Updated: Oct 15
Change is a part of life. Everything and everyone changes. It’s inevitable, unavoidable, and unstoppable. Traumatic events can force big, scary changes, and small changes can throw us for a loop. But changes can also be inspiring and beautiful.
Cancer has forced and invited many changes in my life, big and small. For 2 years, I've been dealing with Achalasia, a swallowing disorder caused by radiation to cancer on my esophagus. This "survivorship issue" has changed how I eat and what what I eat. On November 2 doctors will remove the stent that's been helping my esophagus heal and holding it open so that food and liquid can get to my stomach. I will find out find out if these changes are permanent or things improve. Prayers please.
The most recent cancer change is a new oncologist. My beloved oncologist, Dr. Jeff Crawford, who has cared for me since my cancer diagnosis in 2017, retired this year. My care has been transferred to a new oncologist. He comes highly recommended by his predecessor, but still this forces a big change for me and Amy. They won’t know me or my history as well. Will I like them? Will they like me? Be responsive and caring? Will they continue my current treatment, or change it, and mess it up?
Change can be painful and bad. It can also be good and healing. I can honestly say that despite the losses cancer has inflicted on me and my family, we have received a lot of good. To be clear, no good is to be credited to cancer. Cancer is bad. Anything good coming from this disease is credited to God alone. He alone can work all things together for our good (Romans 8:28). Change can be an opportunity to be redeemed, maybe even rescued. Painful changes and difficult times can be the most powerful and transformative.
“Change” and “newness” appear often in the bible: a new land, new covenant, new kings, new commandments, new promises, new mercies and compassion every day, new life abundant and eternal, and in the end a new heaven and earth. Seated on his throne, Jesus will proclaim, “Behold, I am making all things new.” (Revelation 21:5).
To be a Christian is to commit to a life of change. Jesus calls us to repent, which means to change our mind, heart, the direction of our lives, and follow him. Jesus inspires, teaches, and demands change. We welcome the Holy Spirit, the ultimate change agent, to enter our lives and make us like Jesus. That transformation will involve unending, often difficult, change. So much in us needs to change. Yet the bible promises us it will happen.
“Therefore, if anyone is in Christ, he is a new creation. The old has passed away; behold, the new has come” (2 Corinthians 5:17 ESV).
Not all change is created equal. Changing from one great doc to another is easy in comparison to many other changes. Changing from something good to something bad, or not nearly as good, or entering into the unknown is much harder. Losing your job, the death of a spouse or child, divorce, leaving home and moving to a new place, being diagnosed with a disease - these types of changes can turn your world upside down.
Ironically. changing from something bad (hurtful, destructive, etc.) to something good can be the the hardest change of all. God’s people, the Israelites, struggled to transition from being exiles taken to a foreign land against their will to finally coming home seventy years later. Lives destroyed, homes and wounds inflicted, losses suffered left painful memories, bitterness, and sorrow. Hope nearly extinguished, faith in God diminished, doubts growing, and hard feelings made homecoming hard to believe and celebrate.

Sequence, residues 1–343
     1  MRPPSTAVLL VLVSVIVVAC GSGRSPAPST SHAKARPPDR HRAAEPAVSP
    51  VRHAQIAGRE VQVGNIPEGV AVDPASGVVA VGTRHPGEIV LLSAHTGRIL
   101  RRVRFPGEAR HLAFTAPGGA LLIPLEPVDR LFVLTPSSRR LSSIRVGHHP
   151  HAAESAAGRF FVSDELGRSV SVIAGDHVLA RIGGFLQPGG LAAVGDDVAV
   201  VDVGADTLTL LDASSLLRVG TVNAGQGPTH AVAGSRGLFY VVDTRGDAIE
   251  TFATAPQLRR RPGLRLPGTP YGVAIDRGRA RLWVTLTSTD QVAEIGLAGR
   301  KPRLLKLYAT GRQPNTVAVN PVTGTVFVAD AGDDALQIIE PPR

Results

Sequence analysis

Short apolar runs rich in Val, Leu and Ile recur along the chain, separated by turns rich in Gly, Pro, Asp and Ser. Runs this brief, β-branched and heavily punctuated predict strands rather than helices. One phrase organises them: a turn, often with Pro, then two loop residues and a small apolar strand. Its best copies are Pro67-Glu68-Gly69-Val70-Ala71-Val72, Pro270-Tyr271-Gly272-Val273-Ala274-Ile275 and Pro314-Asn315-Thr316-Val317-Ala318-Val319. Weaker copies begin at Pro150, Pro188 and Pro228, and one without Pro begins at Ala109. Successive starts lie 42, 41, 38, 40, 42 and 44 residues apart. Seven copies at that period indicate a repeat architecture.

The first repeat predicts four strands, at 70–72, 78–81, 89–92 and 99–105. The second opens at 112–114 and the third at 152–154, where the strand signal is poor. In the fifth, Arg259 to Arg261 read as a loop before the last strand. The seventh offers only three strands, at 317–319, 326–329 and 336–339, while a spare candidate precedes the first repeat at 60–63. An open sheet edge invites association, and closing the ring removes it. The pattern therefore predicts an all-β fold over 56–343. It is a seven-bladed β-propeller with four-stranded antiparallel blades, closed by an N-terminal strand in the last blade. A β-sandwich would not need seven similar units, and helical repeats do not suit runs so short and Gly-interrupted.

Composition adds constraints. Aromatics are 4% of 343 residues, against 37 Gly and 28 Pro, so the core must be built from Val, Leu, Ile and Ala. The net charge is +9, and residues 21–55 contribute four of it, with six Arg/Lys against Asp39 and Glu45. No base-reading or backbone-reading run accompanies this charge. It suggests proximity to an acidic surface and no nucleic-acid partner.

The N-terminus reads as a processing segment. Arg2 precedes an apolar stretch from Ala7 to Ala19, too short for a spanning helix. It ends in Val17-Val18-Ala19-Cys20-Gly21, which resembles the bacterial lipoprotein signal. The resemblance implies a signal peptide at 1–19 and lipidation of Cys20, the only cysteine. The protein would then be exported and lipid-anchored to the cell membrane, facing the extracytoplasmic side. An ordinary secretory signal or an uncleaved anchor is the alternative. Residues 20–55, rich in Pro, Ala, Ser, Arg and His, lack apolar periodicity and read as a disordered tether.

In this context, God spoke to his people through the prophet. ““Forget the former things; do not dwell on the past. See, I am doing a new thing! Now it springs up; do you not perceive it? I am making a way in the wilderness and streams in the wasteland” (Isaiah 43:18-19, NIV)
Forgetting doesn't mean pretending the former things didn’t happen, matter, or hurt you. God is saying something like this: "I'm doing something new in your life right now. Let go of the past, loosen your grip on it, so you can receive the new things." With common sense and the Holy Spirit, we discern what we need to let go of and what to take with us. We can’t perceive, see, or receive God's new thing until we turn from the past and look for it.
As Christians, we should be the most optimistic and resilient when facing change of any kind. If my cancer care and condition make a turn for the worse, Jesus will be there to help me. Plus my new doctor may have new ways and new thoughts and make new discoveries that could lead to a more permanent cancer cure.
We are all going through different kinds of changes. Whatever yours may be, however difficult, complicated, or unspeakable, these truths are constant. Jesus loves you, is with you always, for you, and can do all things. "Jesus Christ is the same yesterday and today and forever" (Hebrews 13:8, NIV). Believe in him and you will see the good and glorious work he is doing in your life.
“Daily Reflections from Inside the Cancer Journey, a collection of 365 Daily devotionals” will launch January 1, 2024 as a daily text or email anyone can sign up to receive and a searchable online collection of all 365 devotions.
A selection of devotionals and more information can be found here. I have received several copies of a sample booklet that includes one devotional from each author. If you’d like one, let me know, and I'll send you one.